Luke is interested in specifying the exact names of the people who control at that time the different spheres of political and religious power. They are the ones who plan and direct everything. Yet the decisive event of Jesus Christ is being prepared and taking place outside their sphere of influence and power, without their knowing or deciding anything.
That is how everything essential in the world and in our lives always appears. That is how God’s grace and salvation penetrates into human history. What is essential is not in the hands of the powerful. Luke says plainly that the word of God came to John in the desert, not in imperial Rome or in the holy place of the Temple in Jerusalem.
Nowhere else can one hear better God’s call to change the world than in the desert. The desert is the territory of the truth. It is the place where one lives by what is essential. There is no room for the superfluous. We cannot spend our lives amassing unnecessary things. Neither luxury nor ostentation is possible. What is decisive is seeking the sure path that leads to life.
That is why some prophets yearned so much for the desert, the symbol of a simpler life that is rooted in what is essential, a life unmarred by so much unfaithfulness to God and so much injustice with the people. In this desert setting of the desert, the Baptist announces the grand symbol of Baptism, from where start conversion, purification, forgiveness and the beginning of new life.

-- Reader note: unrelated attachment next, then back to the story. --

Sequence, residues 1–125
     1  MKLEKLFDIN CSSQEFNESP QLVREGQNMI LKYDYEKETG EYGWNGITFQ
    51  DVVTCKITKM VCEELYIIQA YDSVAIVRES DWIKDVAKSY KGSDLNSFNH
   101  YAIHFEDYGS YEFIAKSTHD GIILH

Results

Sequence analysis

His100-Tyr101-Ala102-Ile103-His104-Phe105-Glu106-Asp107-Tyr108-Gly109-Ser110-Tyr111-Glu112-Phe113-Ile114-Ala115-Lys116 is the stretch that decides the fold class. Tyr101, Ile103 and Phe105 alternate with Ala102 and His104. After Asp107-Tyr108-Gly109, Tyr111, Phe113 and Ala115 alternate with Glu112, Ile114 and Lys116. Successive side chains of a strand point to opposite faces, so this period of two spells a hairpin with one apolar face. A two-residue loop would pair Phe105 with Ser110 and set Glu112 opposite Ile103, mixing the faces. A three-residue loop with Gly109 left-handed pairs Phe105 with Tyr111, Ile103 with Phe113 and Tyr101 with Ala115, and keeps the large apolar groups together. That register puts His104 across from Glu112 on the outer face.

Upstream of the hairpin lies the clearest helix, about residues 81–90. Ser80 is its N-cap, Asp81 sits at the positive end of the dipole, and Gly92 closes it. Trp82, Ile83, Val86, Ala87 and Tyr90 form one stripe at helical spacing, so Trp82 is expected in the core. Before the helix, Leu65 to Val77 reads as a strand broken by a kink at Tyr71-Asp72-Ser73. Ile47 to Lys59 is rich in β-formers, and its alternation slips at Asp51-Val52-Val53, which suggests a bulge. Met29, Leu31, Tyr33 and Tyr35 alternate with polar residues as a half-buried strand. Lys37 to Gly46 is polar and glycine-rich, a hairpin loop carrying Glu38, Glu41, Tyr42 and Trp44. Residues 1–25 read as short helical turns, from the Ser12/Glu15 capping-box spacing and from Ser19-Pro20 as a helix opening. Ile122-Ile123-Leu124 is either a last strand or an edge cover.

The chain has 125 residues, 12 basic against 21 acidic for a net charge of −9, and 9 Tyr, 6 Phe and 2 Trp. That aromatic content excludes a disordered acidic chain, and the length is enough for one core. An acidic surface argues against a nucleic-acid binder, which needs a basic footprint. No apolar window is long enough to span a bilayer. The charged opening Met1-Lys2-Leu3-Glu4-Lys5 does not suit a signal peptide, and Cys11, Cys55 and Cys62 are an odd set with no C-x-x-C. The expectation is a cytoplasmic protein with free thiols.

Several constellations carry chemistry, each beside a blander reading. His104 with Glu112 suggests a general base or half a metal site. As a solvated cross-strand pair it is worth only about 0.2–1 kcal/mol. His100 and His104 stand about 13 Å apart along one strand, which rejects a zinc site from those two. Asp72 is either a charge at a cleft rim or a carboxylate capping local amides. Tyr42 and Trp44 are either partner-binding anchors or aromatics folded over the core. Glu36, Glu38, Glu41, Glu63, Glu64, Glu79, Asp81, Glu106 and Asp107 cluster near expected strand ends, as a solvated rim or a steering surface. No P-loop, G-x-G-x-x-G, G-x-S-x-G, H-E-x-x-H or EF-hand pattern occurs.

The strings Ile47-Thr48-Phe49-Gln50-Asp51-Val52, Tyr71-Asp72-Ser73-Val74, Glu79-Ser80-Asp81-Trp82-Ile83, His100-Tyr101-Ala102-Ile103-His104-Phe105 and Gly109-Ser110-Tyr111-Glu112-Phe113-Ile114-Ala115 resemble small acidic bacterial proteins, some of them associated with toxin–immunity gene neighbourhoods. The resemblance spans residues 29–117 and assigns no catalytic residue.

How are we to respond to this call today? The Baptist sums it up in an image taken from Isaiah: Prepare the way of the Lord. Our lives are strewn with obstacles and resistances that impede or make difficult God’s coming to our hearts and to our communities, to our Church and to our world. God is always near. We are the ones who need to open up paths in order to welcome the God made flesh in Jesus.
The images from Isaiah invite us to very elemental and fundamental commitments: to take care of what is essential without being distracted by what is secondary; to straighten up what we have kept deforming all around us; to make straight winding roads; to face the real truth about our lives in order to recover a willingness to change. We have to look after the baptisms of our children, but what all of us need is a baptism of repentance.
December 6, 2015
2 Advent (C)
Luke 3, 1-6